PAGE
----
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China’s zero-Covid policy is criticized

China’s zero-Covid policy is criticized

China’s zero-Covid policy is criticized

China’s zero-Covid policy is criticized

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  • A suspected gas leak inside a sealed home compound in northeastern China killed a 3-year-old boy.
  • The boy’s father posted on social media that Covid personnel prevented him from leaving their complex.
  • His post drew millions of views on Weibo, China’s Twitter-like platform.
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A suspected gas leak inside a sealed home compound in northeastern China killed a 3-year-old boy, sparking new outcry at China’s zero-Covid policy.

The boy’s father posted on social media that Covid personnel prevented him from leaving their complex in Lanzhou, Gansu province’s capital, to seek treatment for his child, causing a deadly delay.

The father’s Wednesday post lamenting his son’s death drew hundreds of millions of views on Weibo, China’s Twitter-like platform.

“Three years of pandemic was his entire life,” a common comment said.

It’s the latest tragedy to feed a rising reaction against China’s zero-Covid policy, which continues to disrupt daily life with lockdowns, quarantines, and mass testing even while the rest of the world moves on.

Despite Chinese officials, including leader Xi Jinping, claiming that Covid regulations “place people and their lives first,” many individuals have died after being denied emergency medical assistance during lockdowns.

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Since early October, Lanzhou’s neighborhoods, including the boy’s family’s, have been sealed down.

The boy’s father reported his wife and child had gas poisoning around noon on Tuesday. The father’s CPR helped the mother, but the boy went into a coma, according to the man’s social media post.

The father tried to phone an ambulance and the police several times but couldn’t. He then asked Covid staff enforcing the lockdown at their complex for help, but they instructed him to ask his community officials or keep calling for an ambulance.

He said the workers asked him to submit a negative Covid test result, but the chemical had not tested in 10 days.

He became desperate and brought his son outdoors, where a “kind-hearted” resident summoned a taxi to take them to the hospital, he wrote.

The physicians were too late to save his son.

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“My child might have been spared if he was transported to the hospital sooner,” he wrote.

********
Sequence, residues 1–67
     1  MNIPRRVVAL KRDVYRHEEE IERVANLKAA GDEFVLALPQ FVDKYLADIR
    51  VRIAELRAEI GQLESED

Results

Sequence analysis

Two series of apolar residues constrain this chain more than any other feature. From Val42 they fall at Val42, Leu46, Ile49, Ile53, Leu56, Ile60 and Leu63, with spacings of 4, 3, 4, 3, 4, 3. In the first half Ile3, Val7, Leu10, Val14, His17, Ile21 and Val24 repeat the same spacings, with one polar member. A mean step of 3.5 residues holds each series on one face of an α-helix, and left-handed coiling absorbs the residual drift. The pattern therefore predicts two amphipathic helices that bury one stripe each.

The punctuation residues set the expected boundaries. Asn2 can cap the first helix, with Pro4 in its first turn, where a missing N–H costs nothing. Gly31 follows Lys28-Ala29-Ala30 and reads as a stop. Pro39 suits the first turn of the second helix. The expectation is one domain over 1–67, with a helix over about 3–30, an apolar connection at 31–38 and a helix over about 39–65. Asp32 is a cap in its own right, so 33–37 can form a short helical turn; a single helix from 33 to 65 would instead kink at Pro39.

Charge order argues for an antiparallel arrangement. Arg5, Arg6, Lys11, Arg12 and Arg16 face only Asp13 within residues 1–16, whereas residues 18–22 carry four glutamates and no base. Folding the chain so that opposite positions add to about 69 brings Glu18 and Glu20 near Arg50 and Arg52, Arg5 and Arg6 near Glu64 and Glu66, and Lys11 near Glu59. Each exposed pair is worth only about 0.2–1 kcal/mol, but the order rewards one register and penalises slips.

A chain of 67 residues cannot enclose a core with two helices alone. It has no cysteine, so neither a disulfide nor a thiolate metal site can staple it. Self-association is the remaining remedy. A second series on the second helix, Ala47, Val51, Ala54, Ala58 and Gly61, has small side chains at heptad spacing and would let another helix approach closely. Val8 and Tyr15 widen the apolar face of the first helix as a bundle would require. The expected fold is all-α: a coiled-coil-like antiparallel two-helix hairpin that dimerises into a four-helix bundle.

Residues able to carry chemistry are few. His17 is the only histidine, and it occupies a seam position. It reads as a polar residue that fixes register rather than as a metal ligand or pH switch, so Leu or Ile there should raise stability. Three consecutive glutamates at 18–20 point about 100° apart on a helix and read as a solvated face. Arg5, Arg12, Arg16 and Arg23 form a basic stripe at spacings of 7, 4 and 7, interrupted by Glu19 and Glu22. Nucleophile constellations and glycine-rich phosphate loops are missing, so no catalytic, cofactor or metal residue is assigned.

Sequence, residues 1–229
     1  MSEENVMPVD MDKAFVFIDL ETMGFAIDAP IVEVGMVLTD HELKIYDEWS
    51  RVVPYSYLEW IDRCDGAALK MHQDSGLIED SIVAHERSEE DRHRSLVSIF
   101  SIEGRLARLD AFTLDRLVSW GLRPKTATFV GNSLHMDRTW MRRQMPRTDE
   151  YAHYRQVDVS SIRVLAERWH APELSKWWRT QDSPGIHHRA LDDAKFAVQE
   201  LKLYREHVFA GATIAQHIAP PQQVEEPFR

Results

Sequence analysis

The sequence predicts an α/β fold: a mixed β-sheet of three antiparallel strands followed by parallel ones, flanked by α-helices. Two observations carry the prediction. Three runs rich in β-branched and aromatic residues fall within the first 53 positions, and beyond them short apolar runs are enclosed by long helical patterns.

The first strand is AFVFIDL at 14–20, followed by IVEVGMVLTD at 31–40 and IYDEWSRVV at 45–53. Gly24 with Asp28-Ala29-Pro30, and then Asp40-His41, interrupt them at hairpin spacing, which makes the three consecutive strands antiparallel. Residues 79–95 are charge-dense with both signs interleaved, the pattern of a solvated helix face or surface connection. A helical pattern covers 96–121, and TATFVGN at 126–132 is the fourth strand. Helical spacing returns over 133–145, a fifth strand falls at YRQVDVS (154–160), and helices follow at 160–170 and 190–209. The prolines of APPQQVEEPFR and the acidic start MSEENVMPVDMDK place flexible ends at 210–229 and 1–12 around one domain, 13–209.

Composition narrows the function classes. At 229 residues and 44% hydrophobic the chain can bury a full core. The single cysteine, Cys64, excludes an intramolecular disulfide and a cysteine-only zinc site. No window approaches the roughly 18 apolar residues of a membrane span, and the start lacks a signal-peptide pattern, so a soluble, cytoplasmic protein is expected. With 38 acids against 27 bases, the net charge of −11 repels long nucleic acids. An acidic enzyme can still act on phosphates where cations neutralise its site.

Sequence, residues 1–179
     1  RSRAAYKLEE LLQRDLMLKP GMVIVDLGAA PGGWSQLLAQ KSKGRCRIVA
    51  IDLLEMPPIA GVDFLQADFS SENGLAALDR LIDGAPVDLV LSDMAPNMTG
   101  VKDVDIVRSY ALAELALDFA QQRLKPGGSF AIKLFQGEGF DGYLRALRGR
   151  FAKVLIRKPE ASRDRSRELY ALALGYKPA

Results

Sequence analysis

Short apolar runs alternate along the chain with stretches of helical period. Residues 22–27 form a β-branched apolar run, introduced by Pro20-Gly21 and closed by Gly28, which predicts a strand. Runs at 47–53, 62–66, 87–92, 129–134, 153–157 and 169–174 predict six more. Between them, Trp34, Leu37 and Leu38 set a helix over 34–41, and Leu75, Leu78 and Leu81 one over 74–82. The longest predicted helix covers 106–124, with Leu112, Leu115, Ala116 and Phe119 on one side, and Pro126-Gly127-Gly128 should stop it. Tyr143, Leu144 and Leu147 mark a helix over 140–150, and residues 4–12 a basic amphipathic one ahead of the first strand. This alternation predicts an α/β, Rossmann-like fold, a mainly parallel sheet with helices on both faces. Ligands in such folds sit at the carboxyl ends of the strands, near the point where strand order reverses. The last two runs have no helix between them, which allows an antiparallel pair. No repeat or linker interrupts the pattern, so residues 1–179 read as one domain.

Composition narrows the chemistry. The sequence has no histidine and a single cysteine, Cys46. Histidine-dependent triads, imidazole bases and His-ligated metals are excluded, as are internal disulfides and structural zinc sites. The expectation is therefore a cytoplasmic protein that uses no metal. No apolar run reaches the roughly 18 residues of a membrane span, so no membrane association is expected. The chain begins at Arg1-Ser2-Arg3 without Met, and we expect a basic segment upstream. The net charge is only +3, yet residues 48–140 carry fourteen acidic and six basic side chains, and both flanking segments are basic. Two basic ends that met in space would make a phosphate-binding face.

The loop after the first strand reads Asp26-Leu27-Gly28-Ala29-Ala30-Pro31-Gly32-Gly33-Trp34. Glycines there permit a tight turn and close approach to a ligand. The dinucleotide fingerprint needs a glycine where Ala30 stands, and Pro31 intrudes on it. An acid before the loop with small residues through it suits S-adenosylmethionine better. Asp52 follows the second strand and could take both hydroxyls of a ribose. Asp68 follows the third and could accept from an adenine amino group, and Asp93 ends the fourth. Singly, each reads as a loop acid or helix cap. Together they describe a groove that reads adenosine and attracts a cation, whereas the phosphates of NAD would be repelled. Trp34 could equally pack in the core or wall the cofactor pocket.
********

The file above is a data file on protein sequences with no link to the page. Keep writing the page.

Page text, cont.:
Online maps place the hospital 3 kilometers from the boy’s home, a 10-minute journey.

The father posted on social media that the cops arrived after he took his son to the hospital. In a statement late Tuesday, the local police said they had swiftly responded to a public cry for help and assisted take two persons, including the child, to the hospital 14 minutes later.

The police statement said the infant died of carbon monoxide poisoning and the mother was in stable condition, although it did not say if lockdown procedures delayed their treatment.

CNN spoke to Lanzhou officials and the boy’s father. Father remained silent.

Lanzhou authorities expressed sorrow and condolences to the child’s family on Thursday. They promised to “severely deal with” officials and work units that failed to rescue the youngster.

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“We have learned a bitter lesson from this occurrence… and will put people and their lives first in our work,” the statement stated.

The boy’s murder also enraged locals. Residents protested on social media videos.

A hazmat-suited woman yells at officials. “Ask your commander to come here and tell us what occurred today,” she shouts. Another man shouts, “Give me my freedom!”

SWAT police arrive in many buses in other videos.

One shows rows of officers in hazmat suits walking down the street, while others show locals in a standoff with uniformed police officers brandishing shields, helmets, and masks.

A nearby resident told CNN he witnessed SWAT team cops moving in. CNN cannot independently authenticate the videos.

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The resident reported they screamed “one, two, one” as they marched down the street.

He decried Lanzhou’s “excessive epidemic prevention and lockdowns” and tightening restrictions.

“Now, even knowing the truth is an excessive hope,” he remarked. “How many comparable occurrences have occurred nationwide?”

The father posted on social media that he was approached by a “civil organization” employee and promised 100,000 yuan (about $14,000) if he signed an agreement not to seek accountability from the authorities.

“I didn’t sign. “I want an explanation for my son’s death,” he wrote. “Why didn’t they let me go?”

Weibo and Baidu posts by the father about the incident deleted late Wednesday night.

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